Spring Risotto Kit Recipes
Rich with comforting flavors, yet bright with spring ingredients, this week’s risotto-themed box is equally fit for a grand feast, or a romantic meal for two. Simply top a pot of risotto with our seasonal hazelnut-nettle pesto and a grating of Tomme cheese, then pair with roasted Romanesco broccoli and cauliflower salad, a crisp wine, and fresh fruit crisp to finish. Voilà!
Here are a few recipe ideas for side dishes this week:
This easy roasting method from Martha Stewart highlights crisp, spring radishes with hints of olive oil, salt and lemon juice.
Sautéed Fiddlehead Ferns
These bright green fronds lend themselves to many of the same uses as asparagus. Here they shine with a simple dressing of butter and lemon juice.
Braised Fingerling Potatoes
Buttered and simmered in water, these rich, flavorful potatoes will wow.
A quick and easy dessert using spring rhubarb—simply toss rhubarb with the following ingredients, then sprinkle with our hazelnut crisp topping.
This recipe is a favorite here at the farm. Creamy and delicious, it pairs well with steak, chicken, pork or can stand well on its own as the star of your meal—just remember to stir!
Valentine’s Day Dinner + Special Appetizer Collection
In honor of Valentine’s Day, the theme of this week’s box embraces two of our greatest loves: fresh, seasonal fare and gathering around the table with the ones we adore most. Thus, this rustic, romantic menu is fit for sharing with a crusty baguette, hearty Italian white bean soup and decadent chocolate brownies, plus a special appetizer collection that includes our own grainy mustard and country-style pork terrine.
Here are a few of our recipe ideas for this week:
Honey-Glazed Baby Rainbow Carrots
The inherent sweetness of fresh baby carrots is further enhanced in this glazed side dish from local chef John Sundstrom’s Lark: Cooking Against the Grain.
Beets, Four Ways
Dorie Greenspan, author of Around My French Table, shares her favorite ways to prep colorful, luscious beets—take your pick!
Fresh Chard with Parmesan
Nutty Parmesan and rich butter add nuanced flavor to red chard in this easy stovetop recipe from The Art of Simple Food by Alice Waters.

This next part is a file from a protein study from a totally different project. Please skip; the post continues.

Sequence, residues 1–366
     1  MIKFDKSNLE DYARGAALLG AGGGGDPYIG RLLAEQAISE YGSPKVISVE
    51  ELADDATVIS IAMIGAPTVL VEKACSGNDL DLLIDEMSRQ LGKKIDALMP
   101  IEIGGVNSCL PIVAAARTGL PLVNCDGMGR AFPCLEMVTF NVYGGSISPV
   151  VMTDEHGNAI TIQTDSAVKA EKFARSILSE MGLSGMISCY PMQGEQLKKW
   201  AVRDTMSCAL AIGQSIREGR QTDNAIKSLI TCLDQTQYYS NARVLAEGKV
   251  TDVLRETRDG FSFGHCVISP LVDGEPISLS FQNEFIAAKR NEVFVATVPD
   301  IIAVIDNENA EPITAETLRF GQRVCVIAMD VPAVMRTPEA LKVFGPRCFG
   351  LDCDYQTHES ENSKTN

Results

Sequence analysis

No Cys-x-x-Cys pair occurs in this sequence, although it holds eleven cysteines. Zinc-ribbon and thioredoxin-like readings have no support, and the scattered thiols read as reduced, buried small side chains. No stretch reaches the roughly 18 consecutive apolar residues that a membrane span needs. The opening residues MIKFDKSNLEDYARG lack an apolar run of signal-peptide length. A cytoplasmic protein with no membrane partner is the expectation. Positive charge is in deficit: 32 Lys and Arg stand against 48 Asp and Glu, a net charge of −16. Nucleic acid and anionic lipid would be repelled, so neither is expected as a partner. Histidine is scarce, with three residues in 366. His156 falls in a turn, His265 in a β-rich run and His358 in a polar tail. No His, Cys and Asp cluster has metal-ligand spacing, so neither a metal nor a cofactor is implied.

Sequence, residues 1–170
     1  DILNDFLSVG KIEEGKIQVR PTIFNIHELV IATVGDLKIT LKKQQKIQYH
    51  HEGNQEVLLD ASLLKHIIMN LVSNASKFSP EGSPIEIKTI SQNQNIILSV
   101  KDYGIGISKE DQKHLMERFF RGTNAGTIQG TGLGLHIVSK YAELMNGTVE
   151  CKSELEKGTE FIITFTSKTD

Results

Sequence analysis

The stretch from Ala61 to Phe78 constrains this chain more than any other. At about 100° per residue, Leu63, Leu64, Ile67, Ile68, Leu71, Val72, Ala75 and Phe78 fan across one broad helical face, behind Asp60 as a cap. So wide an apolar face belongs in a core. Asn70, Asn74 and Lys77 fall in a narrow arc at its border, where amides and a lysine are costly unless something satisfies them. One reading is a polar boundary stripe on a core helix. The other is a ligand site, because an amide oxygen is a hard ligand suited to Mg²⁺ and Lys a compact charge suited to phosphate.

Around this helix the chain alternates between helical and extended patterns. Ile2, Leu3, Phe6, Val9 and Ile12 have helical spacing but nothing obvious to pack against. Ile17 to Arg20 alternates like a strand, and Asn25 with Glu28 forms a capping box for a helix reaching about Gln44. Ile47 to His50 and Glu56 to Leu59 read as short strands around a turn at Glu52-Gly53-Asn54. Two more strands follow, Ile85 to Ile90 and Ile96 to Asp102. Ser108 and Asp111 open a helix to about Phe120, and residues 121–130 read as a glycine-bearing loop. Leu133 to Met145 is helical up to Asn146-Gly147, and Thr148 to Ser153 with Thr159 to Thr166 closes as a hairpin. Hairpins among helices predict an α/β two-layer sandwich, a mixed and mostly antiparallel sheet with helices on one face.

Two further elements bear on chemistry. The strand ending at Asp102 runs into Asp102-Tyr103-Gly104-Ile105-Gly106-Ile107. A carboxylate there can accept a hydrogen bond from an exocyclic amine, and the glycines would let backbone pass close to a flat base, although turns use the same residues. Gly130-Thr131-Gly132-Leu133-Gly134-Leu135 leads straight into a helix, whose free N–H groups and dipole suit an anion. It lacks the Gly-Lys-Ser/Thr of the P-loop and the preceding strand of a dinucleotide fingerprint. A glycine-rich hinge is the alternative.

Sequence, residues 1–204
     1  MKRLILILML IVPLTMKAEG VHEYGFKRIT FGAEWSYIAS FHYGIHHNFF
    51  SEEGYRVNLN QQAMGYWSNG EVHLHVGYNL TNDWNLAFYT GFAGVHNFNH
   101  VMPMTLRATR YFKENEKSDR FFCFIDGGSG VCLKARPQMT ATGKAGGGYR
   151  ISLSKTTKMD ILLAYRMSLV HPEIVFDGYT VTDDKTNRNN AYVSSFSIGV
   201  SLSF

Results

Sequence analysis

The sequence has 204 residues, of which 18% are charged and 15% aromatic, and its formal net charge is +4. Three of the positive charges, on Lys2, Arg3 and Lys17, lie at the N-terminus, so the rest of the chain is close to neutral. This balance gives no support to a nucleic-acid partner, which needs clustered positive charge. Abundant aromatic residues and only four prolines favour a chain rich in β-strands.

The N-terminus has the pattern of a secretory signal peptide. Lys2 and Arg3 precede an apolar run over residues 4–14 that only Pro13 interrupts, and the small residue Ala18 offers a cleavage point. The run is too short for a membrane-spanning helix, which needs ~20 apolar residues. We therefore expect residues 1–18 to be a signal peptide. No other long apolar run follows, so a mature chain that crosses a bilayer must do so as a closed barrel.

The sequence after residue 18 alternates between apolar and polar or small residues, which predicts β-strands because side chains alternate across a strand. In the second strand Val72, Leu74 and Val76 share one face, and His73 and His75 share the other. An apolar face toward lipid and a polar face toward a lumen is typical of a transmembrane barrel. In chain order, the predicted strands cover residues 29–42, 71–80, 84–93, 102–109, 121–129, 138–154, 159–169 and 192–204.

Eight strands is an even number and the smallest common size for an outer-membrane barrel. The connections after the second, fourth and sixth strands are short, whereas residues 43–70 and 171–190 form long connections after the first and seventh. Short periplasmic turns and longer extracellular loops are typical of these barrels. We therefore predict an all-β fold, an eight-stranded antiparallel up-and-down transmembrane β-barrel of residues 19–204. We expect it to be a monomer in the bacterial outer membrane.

Grilled Green Onions
Sweet and delicious with green tops, these onions are at their best grilled. But, if you don’t have a stovetop grill, they are also delicious roasted in the oven.
Italian Winter Feast Recipes
The return of frosty temperatures has only increased our craving for a warm and cozy, yet fresh and flavorful, homemade meal. This week’s box delivers on both fronts with a vegetable-rich supper inspired by Italian country cooking—from the handmade kale pasta and herb-roasted winter squash to our housemade ricottone cheese and Marsala-poached pears.
Here are a few of our recipe ideas for this week:
Roasted Parsnips with Rosemary
In this side dish from Martha Stewart’s Everyday Food, the inherent earthy flavor of versatile parsnips is further enhanced by fresh, fragrant rosemary.
Herb-Roasted Winter Squash
We turn to this simple method time and time again—the combination of sage, thyme and garlic infuses any variety of squash with a rich, wonderful flavor.
Sautéed Broccoli Rabe
A variety of broccoli with long, thin leafy stalks, this hearty Italian green (also known as rapini) shines in an easy preparation from Gourmet magazine.
The Story of Nonna Pat’s Classic Tomato Sauce
In life, the simplest things are often the best: fresh fruit plucked straight from the vine, a warm scone topped with butter and homemade jam, or a plate of pasta dressed with our Nonna Pat’s classic tomato sauce.
The inspiration behind our first weekly box, Nonna Pat is the only daughter of Sicilian-Italian immigrants and was born and raised in New York. For years, she ran a bed & breakfast in Maine and welcomed guests for Sunday supper—a tradition she still carries on today at age 73.
Her classic, simple tomato sauce is often at the heart of these meals—and would make a great foundation for your next family get-together. Crafted with 5 pounds of tomatoes in each jar (and lots of love), the key to this recipe is its simplicity: tomatoes, a handful of hand-torn basil leaves, a swirl of first-press Italian olive oil, then sea salt and fresh ground pepper to taste. That’s it. No sugar added.
The quality of the ingredients is what makes this recipe sing: Look for a high-quality extra-virgin olive oil and fresh, organic herbs. Each summer, we spend many weeks in the kitchen making and preserving this traditional sauce to enjoy throughout the year.
Our Nonna Pat serves this sauce over fresh pasta alongside braised rapini greens sautéed with garlic, olive oil and salt and pepper; or adds Italian sausage and bresaola to make Italian-style “gravy”. It is also an excellent addition to stuffed shells or manicotti. But, as we said, the simple route will do the trick: Try cooking a pound of fresh pasta and tossing with Nonna Pat’s sauce and top with grated parmesan for a truly satisfying supper.